Being a business owner can have a lot of pressure. You're investing a lot of your time, and most likely a good amount of your money, into building a business that succeeds.
There's no shortage of content in the world with tips on how to cultivate a successful business, and you may be noticing that the term "cash flow" pops up a lot. And for good reason!
We'll cover the basic ins-and-outs of what cash flow is, why it's important for your business, and how to calculate it.
In fact, we even provide you with a FREE Guide on How to Calculate Your Cash Flow. Use it to get a jumpstart on things, or keep it for reference in the future.
Small business cash flow management doesn't have to be hard. Download our FREE guide to calculate your cash flow
Cash flow for a small business is essentially the money that you have at the end of the month to carry over into the next, after you've paid all of your bills and other expenditures. A simple suggested formula for cash flow looks like this:
Money your business makes monthly — the cost of running your business (utility bills, gas, business insurance, payroll, etc.) = what you have left.
That money you have left is your cash flow. You also may hear it referred to as "free cash flow."
It’s likely that the larger and busier your business is, the more expenditures you'll have, and the more complicated the above equation will become. This includes when you begin hiring, as your payroll can be a large operating cost for a small business. Remember to list it as one of your line items when calculating!
That said, one of the most important things you'll want to keep an eye on is whether your small business cash flow is positive or negative. If you have a positive cash flow, you have money left over at the end of the month. If you owe your business money at the end of the month because you didn't make enough money to cover basic expenditures, then you have a negative cash flow.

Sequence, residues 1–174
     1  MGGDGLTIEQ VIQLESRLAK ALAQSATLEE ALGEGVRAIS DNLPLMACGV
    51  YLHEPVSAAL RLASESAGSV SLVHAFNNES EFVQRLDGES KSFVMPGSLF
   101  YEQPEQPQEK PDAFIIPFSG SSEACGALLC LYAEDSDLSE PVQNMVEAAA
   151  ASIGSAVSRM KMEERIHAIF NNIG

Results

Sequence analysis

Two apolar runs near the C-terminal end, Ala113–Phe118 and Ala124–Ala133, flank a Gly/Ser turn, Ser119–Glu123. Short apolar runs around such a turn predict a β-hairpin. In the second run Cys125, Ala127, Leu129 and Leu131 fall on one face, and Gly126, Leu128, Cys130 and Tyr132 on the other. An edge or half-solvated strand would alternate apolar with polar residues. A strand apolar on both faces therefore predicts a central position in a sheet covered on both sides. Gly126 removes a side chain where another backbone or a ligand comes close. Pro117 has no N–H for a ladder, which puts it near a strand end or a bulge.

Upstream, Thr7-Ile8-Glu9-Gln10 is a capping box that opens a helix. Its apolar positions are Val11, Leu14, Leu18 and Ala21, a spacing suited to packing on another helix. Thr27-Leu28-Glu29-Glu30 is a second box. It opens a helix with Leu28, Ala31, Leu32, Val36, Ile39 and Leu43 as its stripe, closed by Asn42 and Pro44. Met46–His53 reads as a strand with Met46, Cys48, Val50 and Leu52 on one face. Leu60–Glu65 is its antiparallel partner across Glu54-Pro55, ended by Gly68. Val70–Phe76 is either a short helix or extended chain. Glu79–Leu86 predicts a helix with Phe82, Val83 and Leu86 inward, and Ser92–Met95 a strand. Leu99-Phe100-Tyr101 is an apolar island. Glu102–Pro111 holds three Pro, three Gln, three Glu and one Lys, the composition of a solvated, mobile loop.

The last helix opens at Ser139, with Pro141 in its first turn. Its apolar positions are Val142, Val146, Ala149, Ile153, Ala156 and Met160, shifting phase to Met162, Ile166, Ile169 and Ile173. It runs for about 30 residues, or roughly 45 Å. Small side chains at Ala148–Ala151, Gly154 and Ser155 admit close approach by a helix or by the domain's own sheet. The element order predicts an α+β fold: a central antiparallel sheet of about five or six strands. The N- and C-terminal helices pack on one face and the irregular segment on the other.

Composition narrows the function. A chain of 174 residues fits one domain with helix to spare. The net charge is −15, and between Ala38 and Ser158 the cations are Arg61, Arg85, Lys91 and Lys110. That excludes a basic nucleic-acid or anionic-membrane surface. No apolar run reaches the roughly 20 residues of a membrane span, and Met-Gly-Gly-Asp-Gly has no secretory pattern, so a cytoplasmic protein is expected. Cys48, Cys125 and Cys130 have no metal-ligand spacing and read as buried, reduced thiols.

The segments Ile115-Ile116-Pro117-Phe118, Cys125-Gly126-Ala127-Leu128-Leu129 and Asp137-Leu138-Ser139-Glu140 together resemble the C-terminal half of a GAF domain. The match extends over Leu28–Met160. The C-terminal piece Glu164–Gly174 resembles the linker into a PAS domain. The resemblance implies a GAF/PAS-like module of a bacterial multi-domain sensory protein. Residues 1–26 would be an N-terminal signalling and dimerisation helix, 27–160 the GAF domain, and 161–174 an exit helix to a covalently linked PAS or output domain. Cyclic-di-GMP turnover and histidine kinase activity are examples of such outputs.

In this article we'll cover some basic definitions of cash flow and show you how to calculate it for your small business, with the end goal being to help you understand how to ensure you're always staying positive!
Your business may be on the smaller side, but regardless of whether you're just starting out or you're a seasoned business owner with experience under your belt, it's always a good idea to learn more about how to improve your accounts.
I own a small business, and although my expenditures aren't many and calculating my cash flow is relatively simple, I still consider it a good idea to understand these definitions so I can understand the health of my business.
Don't be intimidated by this term — you already know what it is! Operating activities are what you spend on and receive money for throughout the month. This can include things like property or the cost of equipment, but if you're financing and investing any stocks or bonds, you'd typically leave those out when calculating the operating cash flow.
It's a bit like balancing your checkbook to see what's going out and what's coming in. If you're ever in a spot where an investor or bank is looking into your liquidity, you may be asked to show documentation of your operating cash flow.
This is an item on the cash flow sheet that can apply to companies that are more mature and working with more revenue (and some day could certainly be you!). If you've made investments in stocks or bonds, then those activities would fall under this category in your small business cash flow sheet.
It's perfectly normal to accept a loan to help your business get started or continue moving forward. If you have any investors, lenders, or shareholders that you owe money to, then the details of paying them back would be considered as financing activities.
OK, we're about to do some light math to show an example.